Devotionalia

cover (35)

I keep coming back to Devotionalia. It actually cropped up a lot earlier on my random shuffle, but every time I sit down to write a review, it just comes out as a jumble of thoughts, entirely inchoate and unformed.

Just stick to the facts, Ade. OK – this is a short choice game. I’ve played through at least a dozen times. I keep playing through almost religiously. I’m worried I’ve missed some text. In a way, this game reminds me of the works of Chandler Groover and Phantom Williams. It has a similar rich aesthetic. A surreal, haunting feel. A sense that there’s more hidden below the surface.

We play as a priest of a dying religion/cult in a fantastical world held beneath the sea below and above – whether this sea above is a literal ‘sea’ I’m still questioning. Our charge is to perform a daily ritual to the being Anjur-Bas, and it is this that forms the main mechanism of the game.

We can chose between a votive offering, a sacrifice, a prayer. Each has a number of options. With careful attention to the text, we can divine which of these options will be pleasing to the God. Alternatively, we can give it scant attention and just choose quickly – a religious obligation that has become rote – something to be got over with. Or we can deliver a ritual that pleases us – a supplication rather than a worship.

The outcome of this is an internal reflection by the protagonist. Belief is questioned, renewed, depending on the offering. Faith through strictured liturgy. If we’re waiting for proof, we’re going to be waiting a long time. For the reader, it can be a frustrating thing. We keep performing the rituals – we’re expecting something more. A moment of clarity – the hand of this God reaching down and saying ‘yes, here I am’. We are expecting to be rewarded for our continued interaction with the game with some form of revelation. Good luck with that.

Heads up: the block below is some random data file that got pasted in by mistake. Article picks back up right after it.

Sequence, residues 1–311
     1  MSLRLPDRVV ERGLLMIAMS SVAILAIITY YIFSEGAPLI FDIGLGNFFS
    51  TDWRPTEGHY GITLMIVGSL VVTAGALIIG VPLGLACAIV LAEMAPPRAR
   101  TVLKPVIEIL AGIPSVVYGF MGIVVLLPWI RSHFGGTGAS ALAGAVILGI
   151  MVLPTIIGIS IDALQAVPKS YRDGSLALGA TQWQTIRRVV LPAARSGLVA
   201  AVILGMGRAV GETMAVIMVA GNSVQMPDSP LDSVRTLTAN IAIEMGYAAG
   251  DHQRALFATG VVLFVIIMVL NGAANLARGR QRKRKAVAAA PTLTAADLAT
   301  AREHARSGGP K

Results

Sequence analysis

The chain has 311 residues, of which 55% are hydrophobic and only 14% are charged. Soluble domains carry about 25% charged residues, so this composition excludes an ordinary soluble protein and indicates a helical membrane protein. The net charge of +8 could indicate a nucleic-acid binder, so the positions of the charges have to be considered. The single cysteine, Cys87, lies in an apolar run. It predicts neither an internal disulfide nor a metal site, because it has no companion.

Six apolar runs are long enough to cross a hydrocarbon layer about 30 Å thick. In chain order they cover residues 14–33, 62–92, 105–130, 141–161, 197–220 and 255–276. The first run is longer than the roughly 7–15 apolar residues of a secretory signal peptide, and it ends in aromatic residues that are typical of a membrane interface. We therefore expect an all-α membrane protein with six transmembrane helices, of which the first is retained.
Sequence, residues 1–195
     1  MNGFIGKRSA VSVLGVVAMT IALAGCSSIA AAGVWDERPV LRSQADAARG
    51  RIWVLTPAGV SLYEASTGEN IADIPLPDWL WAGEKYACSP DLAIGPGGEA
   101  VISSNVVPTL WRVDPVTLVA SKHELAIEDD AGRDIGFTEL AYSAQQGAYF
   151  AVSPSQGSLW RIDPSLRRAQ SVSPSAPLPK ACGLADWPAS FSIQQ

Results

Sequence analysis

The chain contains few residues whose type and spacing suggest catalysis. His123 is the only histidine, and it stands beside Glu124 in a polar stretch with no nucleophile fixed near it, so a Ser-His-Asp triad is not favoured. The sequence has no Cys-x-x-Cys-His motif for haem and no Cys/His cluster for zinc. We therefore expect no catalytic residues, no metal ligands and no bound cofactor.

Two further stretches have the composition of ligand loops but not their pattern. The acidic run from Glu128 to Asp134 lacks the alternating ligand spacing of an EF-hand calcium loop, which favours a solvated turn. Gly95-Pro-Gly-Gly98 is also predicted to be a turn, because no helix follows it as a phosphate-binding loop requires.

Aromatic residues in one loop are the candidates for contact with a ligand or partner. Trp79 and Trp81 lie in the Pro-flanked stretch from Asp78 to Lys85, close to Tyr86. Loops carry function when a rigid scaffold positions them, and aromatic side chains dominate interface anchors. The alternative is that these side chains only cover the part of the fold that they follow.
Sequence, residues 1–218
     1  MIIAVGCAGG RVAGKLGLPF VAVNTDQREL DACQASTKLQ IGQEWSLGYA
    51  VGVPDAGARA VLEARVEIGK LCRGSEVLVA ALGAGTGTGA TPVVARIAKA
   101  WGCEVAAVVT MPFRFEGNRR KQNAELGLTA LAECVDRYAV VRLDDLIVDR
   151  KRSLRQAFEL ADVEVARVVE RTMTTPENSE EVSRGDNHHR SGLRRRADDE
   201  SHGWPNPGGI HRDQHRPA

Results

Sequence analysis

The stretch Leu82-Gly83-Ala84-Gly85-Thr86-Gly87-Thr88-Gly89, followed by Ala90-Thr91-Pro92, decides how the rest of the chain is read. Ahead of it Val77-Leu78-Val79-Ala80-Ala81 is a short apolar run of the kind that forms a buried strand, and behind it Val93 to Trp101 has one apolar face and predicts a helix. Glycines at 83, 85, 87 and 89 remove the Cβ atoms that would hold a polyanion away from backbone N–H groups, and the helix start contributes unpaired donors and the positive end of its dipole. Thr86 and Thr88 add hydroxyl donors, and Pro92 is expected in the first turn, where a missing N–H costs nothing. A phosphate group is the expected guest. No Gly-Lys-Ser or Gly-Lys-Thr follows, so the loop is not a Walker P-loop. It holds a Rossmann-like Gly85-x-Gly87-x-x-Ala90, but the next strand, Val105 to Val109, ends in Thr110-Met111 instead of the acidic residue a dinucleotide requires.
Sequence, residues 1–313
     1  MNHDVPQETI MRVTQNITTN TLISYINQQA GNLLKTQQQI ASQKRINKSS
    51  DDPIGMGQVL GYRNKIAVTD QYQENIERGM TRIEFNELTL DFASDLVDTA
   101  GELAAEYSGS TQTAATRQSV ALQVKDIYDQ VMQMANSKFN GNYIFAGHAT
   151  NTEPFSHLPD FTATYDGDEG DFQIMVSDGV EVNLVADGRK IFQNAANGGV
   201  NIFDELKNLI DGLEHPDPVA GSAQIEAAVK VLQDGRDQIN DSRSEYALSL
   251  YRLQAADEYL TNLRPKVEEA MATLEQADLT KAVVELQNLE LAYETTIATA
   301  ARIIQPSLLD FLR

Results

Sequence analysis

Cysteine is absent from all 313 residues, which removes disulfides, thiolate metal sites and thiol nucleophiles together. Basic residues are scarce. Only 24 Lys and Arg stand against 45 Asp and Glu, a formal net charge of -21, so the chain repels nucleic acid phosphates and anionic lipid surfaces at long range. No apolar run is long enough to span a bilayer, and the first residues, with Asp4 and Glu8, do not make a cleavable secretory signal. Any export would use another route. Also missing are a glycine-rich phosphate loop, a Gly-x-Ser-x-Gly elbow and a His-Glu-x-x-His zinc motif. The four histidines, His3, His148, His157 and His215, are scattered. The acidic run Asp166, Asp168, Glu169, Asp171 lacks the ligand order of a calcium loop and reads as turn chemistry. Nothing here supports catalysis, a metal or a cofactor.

Throughout the day, we have several tasks to accomplish. We are the guardian of waifs and strays who have washed up at the temple. We check that the “the appropriate number of heads and fins and tails” are present in their dormitory. It’s this type of statement that really elevates this prose. This fantastical World is not described in detail or explained. It is given in hints and asides. We fill in the gaps ourselves – it’s writing for the imaginative.

The interface matches the ambition of the prose. The music is atmospheric and appropriate. The aesthetics of the design are completely aligned to the game experience.

It’s something a little bit special, this. 10/10

 

n.b. Note to author if they read this : I found one problem in the text. I wouldn’t mention it, but it’s on the very very last line of the game and is a shame, given the quality of the preceding text – rot13’d – “Vg’f nyzbfg nf vs fbzrbar gb oernx guebhtu”. Vg frrzf gb or zvffvat gur ‘gelvat gb’. Gb trg gb guvf raqvat, V qvq gur ibgvir bssrevat, ynetr, jbbq, naqebtlabhf, or cnvagrq. Gura V qrfgeblrq vg ng gur nygne.

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